On the one hand, if the region contained a small number of galaxies, the team would conclude that startlight could not penetrate very far through the intergalactic gas. On the other hand, if it contained an unusually large number of galaxies, this would indicate that the region had cooled significantly over the previous several hundred million years. Prior to their observations, Beck and his team were expecting to find that it was the latter.
However, what they found was that the region contained far fewer galaxies than expected – which indicated that the opaqueness of the region was due to a lack of starlight. As Steven Furlanetto, a UCLA professor of astronomy and a co-author of the research, explained in a recent UCLA press release:
“It was a rare case in astronomy where two competing models, both of which were compelling in their own way, offered precisely opposite predictions, and we were lucky that those predictions were testable… It is not that the opacity is a cause of the lack of galaxies. Instead, it’s the other way around.”
In addition to addressing an enduring mystery in astronomy, this study also has implications for our understanding of how the Universe evolved over time. According to our current cosmological models, the period that took place roughly 380,000 t0 150 million years after the Big Bang is known as the “Dark Ages”. Most of the photons in the Universe were interacting with electrons and protons at this time, which means radiation from this period is undetectable by our current instruments.
However, by about 1 billion years after the Big Bang, the first stars and galaxies had formed. It is further believed that ultraviolet light from these first galaxies filled the Universe and is what allowed for the gas in deep space to become transparent. This would have occurred earlier in regions with more galaxies, the astronomers concluded, hence why there are variations in transparency.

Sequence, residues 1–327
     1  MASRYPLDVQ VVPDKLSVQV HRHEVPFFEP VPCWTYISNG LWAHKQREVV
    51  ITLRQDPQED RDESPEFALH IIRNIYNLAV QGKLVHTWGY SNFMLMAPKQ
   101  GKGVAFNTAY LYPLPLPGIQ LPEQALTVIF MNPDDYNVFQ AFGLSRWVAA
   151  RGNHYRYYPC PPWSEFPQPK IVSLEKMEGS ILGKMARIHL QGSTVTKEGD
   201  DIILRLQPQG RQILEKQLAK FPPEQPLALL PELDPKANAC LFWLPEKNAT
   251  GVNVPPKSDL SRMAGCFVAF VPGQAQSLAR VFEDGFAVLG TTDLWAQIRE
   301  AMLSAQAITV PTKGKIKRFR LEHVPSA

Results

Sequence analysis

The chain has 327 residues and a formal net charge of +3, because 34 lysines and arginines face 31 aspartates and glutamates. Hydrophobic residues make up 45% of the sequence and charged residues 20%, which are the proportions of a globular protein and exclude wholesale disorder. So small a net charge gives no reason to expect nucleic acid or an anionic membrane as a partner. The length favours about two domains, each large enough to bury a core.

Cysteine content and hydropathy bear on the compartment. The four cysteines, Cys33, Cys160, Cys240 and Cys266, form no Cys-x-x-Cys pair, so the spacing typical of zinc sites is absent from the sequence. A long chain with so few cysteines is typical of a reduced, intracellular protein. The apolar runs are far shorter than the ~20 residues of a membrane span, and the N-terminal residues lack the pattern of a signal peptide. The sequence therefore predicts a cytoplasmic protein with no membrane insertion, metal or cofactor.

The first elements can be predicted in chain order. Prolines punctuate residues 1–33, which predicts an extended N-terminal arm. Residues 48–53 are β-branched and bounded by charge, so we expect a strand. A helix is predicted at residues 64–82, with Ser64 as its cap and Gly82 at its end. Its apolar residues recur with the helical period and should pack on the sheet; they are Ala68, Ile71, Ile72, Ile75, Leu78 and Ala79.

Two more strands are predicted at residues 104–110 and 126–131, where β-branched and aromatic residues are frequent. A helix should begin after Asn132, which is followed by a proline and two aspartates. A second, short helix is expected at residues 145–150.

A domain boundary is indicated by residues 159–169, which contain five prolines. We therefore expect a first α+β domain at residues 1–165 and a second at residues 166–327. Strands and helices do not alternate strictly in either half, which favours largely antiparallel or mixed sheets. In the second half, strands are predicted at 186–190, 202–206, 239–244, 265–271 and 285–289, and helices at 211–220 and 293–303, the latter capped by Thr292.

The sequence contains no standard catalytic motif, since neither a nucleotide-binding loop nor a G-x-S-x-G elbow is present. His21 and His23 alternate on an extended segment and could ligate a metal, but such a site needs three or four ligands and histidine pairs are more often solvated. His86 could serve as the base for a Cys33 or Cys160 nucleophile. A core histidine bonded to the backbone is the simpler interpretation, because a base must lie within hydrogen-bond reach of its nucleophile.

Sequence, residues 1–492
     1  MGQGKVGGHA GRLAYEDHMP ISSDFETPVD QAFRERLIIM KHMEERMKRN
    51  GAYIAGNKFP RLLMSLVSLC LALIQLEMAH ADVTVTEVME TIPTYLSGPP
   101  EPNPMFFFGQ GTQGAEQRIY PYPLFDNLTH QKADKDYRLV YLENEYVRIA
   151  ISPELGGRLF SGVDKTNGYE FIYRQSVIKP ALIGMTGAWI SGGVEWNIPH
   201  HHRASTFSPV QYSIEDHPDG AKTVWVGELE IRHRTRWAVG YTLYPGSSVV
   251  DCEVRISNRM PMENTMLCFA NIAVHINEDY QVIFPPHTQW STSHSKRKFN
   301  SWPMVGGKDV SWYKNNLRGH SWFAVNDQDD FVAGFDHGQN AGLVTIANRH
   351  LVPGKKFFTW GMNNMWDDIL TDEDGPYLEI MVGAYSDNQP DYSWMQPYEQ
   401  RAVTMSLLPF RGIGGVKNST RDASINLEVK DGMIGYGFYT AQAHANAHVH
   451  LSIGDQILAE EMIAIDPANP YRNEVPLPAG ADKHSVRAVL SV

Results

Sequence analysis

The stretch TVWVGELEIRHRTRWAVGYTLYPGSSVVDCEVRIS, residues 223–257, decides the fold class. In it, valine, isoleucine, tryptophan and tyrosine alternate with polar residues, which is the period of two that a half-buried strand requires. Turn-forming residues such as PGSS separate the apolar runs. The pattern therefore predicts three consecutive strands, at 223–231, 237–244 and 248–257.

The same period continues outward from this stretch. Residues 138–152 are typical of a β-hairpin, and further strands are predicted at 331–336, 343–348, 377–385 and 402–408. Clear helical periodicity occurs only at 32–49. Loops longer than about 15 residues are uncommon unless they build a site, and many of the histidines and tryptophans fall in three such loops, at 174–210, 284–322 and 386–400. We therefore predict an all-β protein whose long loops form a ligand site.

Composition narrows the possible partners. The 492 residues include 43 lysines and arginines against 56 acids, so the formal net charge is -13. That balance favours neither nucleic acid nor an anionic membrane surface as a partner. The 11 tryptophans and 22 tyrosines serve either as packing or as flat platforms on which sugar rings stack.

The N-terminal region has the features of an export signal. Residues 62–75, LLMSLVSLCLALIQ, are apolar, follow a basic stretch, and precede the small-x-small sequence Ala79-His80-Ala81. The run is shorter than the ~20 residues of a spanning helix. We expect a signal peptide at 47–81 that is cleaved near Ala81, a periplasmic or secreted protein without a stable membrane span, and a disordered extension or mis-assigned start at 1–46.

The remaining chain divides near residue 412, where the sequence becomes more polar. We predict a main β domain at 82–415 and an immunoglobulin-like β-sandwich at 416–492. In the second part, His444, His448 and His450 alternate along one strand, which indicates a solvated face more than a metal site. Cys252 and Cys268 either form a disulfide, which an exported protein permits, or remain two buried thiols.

In short, if more ultraviolet radiation from galaxies would lead to greater transparency in the early Universe, then the existence of fewer nearby galaxies would cause certain regions to be murkier. In the future, Becker and his team hope to further study this region of space and others like it in the hope that it will reveal clues about how the first galaxies illuminated the Universe during that early period, which remains a subject of inquiry at this point.
This research is also expected to shed more light on how the early Universe evolved, gradually giving rise to the one that are familiar with today. And as next-generation instruments are able to probe deeper into space (and hence, further back in time), we just may come to understand how existence as we know it all unfolded.
For instance, a team of astronomers recently used Hubble to locate the most distant star ever discovered. This hot blue star, which was located in a galaxy cluster, existed just 4.4 billion years after the Big Bang. The discovery of this star is expected to provide new insights into the formation and evolution of stars and galaxy clusters during the early Universe, as well as the nature of dark matter itself.
The discovery was made by an international team of scientists led by Patrick Kelly (of the University of Minnesota), Jose Diego (of the Instituto de Física de Cantabria in Spain) and Steven Rodney (of the University of South Carolina). Together, they observed the distant star in the galaxy cluster MACS J1149-2223 in April 2016 while studying the supernova explosion known as heic1525 (aka. Refsdal).